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Allan
Caprou

United States • 1927−2006

Allan Kaprow (eng. Allan Kaprow; August 23, 1927, Atlantic city, USA – April 5, 2006, Encinitas, schoolA) American painter and art theorist, who coined the concept of "installation" and "happenings". A big part of my childhood, Kaprow was held on a ranch in Arizona. Life there gave him a feeling of community, collective activities, which will be decisive in his future artistic career. Kaprow studied in several educational institutions, she studied painting and philosophy, received a master's degree in art history. 1953 began teaching, which will last almost until his death. In 1958, Kaprow wrote his famous essay "the Legacy of Jackson Pollock", in which for the first time uses the term "happenings". In the same text he States that craftsmanship and permanence should be forgotten and the art can and should be used and short-lived materials.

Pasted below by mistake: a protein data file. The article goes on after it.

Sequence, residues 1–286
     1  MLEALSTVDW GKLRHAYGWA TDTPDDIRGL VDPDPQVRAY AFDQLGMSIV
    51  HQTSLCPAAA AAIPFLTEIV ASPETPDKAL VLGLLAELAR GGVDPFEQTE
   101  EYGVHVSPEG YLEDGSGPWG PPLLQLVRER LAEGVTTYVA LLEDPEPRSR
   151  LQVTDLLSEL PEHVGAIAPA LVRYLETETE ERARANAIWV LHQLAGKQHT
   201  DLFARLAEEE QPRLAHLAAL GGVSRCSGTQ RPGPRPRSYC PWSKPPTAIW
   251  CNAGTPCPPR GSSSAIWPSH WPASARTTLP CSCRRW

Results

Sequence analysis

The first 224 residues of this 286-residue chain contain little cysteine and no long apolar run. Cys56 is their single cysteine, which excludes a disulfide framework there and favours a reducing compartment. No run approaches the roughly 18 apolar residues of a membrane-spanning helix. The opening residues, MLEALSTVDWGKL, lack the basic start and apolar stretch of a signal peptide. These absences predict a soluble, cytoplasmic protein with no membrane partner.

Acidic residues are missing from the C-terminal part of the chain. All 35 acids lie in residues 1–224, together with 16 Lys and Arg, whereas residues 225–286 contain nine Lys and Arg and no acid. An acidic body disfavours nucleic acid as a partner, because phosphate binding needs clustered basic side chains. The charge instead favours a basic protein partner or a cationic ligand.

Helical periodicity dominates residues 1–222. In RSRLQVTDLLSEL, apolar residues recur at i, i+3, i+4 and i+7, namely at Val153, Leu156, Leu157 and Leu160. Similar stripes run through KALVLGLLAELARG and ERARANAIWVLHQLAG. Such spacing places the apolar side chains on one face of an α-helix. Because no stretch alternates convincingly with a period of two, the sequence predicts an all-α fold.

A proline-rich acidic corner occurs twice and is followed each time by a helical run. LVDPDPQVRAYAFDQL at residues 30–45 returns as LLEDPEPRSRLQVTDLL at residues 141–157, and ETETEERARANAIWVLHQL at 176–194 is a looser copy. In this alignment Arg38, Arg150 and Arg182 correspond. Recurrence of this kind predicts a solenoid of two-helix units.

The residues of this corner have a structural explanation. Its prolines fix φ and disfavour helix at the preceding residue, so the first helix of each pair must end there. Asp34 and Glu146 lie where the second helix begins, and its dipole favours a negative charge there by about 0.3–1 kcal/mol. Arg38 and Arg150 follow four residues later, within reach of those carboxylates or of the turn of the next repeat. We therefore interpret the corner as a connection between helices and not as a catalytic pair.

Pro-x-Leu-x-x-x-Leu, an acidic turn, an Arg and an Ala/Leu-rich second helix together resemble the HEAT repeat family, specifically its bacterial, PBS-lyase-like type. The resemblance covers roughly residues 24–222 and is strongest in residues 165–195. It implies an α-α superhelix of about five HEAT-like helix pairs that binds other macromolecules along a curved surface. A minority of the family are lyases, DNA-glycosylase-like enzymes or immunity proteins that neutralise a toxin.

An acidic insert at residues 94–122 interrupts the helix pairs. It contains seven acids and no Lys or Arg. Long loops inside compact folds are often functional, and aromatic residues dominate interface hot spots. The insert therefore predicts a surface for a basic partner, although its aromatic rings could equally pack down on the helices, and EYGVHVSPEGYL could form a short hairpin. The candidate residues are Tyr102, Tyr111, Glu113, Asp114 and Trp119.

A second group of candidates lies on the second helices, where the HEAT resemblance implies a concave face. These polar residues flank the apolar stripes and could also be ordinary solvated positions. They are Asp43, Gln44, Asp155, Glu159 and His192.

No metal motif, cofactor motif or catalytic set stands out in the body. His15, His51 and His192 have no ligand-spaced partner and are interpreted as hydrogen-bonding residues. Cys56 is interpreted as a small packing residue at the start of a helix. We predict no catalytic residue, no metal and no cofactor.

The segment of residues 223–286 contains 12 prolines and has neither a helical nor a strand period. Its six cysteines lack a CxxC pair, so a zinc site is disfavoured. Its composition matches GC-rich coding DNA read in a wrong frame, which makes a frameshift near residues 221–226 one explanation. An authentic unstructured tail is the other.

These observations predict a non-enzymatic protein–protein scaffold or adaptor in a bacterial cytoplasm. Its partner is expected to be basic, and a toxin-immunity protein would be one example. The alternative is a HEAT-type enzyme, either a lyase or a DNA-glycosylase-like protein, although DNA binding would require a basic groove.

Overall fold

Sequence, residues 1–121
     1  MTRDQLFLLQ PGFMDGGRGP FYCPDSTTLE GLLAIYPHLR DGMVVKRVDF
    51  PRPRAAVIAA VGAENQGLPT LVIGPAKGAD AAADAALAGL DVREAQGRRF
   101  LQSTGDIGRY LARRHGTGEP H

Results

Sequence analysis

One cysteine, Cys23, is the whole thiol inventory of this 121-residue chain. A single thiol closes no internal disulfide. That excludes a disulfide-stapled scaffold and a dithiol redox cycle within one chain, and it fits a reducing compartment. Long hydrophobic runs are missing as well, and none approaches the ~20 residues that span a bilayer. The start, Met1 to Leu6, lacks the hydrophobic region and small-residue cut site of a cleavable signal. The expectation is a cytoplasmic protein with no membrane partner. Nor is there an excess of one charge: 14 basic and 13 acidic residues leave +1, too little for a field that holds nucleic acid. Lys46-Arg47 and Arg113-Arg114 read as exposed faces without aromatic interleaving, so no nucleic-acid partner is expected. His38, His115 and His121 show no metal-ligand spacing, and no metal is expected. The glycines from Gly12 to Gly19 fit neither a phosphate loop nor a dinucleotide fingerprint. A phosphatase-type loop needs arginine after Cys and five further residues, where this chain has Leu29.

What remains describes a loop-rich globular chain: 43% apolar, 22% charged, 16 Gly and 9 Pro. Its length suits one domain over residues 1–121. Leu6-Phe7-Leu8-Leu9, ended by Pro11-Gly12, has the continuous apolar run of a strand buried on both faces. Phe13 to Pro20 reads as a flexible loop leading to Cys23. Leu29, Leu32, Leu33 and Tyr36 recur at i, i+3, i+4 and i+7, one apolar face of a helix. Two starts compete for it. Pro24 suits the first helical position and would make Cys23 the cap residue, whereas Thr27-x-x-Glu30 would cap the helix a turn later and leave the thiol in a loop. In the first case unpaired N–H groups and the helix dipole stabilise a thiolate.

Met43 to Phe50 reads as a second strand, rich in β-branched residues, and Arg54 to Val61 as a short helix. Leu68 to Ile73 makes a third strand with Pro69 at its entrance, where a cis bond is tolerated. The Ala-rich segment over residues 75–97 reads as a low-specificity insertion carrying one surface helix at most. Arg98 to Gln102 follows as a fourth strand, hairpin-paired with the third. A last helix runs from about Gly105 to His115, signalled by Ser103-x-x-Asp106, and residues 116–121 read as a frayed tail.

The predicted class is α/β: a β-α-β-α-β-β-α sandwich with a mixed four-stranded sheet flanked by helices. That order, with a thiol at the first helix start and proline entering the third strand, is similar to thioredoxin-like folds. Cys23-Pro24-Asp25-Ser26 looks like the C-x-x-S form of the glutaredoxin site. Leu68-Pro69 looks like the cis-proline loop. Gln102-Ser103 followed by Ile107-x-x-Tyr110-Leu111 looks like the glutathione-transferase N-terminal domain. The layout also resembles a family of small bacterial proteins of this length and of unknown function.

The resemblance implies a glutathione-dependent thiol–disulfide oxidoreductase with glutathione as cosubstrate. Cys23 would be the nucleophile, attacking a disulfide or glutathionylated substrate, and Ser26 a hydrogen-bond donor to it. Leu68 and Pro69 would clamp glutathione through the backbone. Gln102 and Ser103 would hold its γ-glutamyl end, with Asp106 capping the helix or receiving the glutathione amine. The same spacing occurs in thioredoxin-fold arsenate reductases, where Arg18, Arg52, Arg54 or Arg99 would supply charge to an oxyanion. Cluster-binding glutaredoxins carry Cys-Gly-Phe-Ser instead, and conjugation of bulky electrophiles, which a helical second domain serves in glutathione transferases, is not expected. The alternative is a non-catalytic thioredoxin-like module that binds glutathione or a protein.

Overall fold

Features artist Allan, Kaprow: his creativity was formed under the influence of abstract expressionism, particularly action painting. Although in the end, Kaprow borrowed from here only "action", making the emphasis on physical interaction between the artist and his work. In the late 40's-early 50's, he creates his first collages and assemblages with found objects. The first happenings, Kaprow spends in the late 1950s. One of the main goals of these performances was the destruction of the so-called "fourth wall" between the artist and the observer. But by the late 60s, Kaprow begins to distance itself from Association of his name with the happenings because this kind of art very quickly turned into mainstreamy. After that, the artist focuses on "activities" - intimate, often domestic scenes involving one or two people.

Author: Eugene Sidelnikov

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